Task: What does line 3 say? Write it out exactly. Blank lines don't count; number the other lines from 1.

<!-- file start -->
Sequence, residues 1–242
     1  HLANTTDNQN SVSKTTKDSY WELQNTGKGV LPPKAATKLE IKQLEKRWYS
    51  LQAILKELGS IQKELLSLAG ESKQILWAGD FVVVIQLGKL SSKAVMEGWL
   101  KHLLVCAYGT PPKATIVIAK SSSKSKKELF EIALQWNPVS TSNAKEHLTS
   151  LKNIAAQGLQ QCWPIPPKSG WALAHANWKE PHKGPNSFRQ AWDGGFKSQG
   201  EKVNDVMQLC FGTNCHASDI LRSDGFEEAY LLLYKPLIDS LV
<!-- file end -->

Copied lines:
    51  LQAILKELGS IQKELLSLAG ESKQILWAGD FVVVIQLGKL SSKAVMEGWL